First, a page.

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There are plenty of guides about heavy lifting which suggest to hold the breath to help brace the core.

Here there is an example with squat. Picture taken from here.

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Many people agree with this as it provides a great trunk stability. All the guides of stronglift suggest it.

However, I've seen plenty of other guides that say it is a big mistake. So, I've found only confusion.

For instance, here "holding the breath" is seen as a mistake in leg press:

Remember to keep breathing during the effort phase and to avoid holding your breath.

That is not the arbitrary conclusion of an author. Here, for instance, it is written that:

The act of holding your breath during weight lifting is referred to as the Valsalva Maneuver. While this may not sound like a serious issue, it can be. Holding your breath during weight training causes a rapid and dramatic increase in blood pressure. During the Valsalva Maneuver, intrabdominal pressure drastically increases and can lead to hernias. Other injuries can be caused by compromised areas of the vascular system and loss of consciousness. While it may be tempting to hold your breath during exercise, the most effective way to breathe during resistance training is to inhale as you lower the weight and exhale as you lift the weight. This helps to control your blood pressure while lifting heavy weights.

One may answer that a good choice may be:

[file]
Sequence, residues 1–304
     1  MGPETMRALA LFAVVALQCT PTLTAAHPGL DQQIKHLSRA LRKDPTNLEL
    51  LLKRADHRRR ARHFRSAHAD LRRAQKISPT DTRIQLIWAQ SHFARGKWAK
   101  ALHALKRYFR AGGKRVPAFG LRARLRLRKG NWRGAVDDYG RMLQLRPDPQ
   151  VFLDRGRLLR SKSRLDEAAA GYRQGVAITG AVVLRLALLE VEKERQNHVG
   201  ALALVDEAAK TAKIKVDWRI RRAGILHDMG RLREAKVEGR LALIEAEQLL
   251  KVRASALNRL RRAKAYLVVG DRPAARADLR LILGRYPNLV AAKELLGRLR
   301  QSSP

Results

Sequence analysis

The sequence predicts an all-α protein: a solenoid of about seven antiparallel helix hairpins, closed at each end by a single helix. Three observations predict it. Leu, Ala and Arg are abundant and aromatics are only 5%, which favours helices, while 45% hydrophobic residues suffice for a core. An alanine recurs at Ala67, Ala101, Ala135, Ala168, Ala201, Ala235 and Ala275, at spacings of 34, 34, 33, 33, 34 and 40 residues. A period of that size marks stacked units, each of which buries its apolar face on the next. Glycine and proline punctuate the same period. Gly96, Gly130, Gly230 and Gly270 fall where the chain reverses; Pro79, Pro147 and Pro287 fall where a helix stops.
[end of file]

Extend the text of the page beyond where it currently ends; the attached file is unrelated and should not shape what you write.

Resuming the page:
1 holding breath in heavy exercises

2 inhaling in the eccentric and exhaling in the concentric without heavy loads

But what does it mean in practice? If I do 2 sets of warm-up I breath as 2, and when I start heavy sets do I breath as 1? Or is 1 only suitable to lift the maximal?

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  • A couple of really good similar questions: fitness.stackexchange.com/questions/6337/…, and fitness.stackexchange.com/questions/15850/…. Check those out and edit your question with what questions you still have. – C. Lange May 30 at 18:53
  • @C.Lange the answers to the question in the first link are basically "don't breath/use the valsalva maneuver" and also "not breathing can cause hernias/passing out so maybe breathe" with varying numbers of upvotes. Is that to say valsalva is best? And is that specific to powerlifting type training? I've always been coached to breath through reps in olympic lifting – E.Aigle May 31 at 6:11
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    @E.Aigle, loading up a heavy barbell with 3x your bodyweight is inherently dangerous. You're going to be much more prone to injury if you lost bracing during the lift. It isn't so much "holding your breathe" it's bracing your core during a movement that loads the spine. A strong core translates to strong power output. I'm a fan of this video. – C. Lange May 31 at 12:38
  • The advice is varied because the audience is varied and it depends on what stage you're at in your lifting career and where you're getting information. If you go to a doctor and ask "what's the best way to get slammed onto a floor?" they'll tell you to just not get slammed on a floor; getting thrown onto a floor causes injury. If you ask a Judo master, they'll give you a 4-part lecture on the optimal way to get slammed onto a floor; and the health benefits from training outweigh any injury caused by being slammed onto the floor. – C. Lange May 31 at 12:43
  • We can discuss more in chat. – C. Lange May 31 at 12:44

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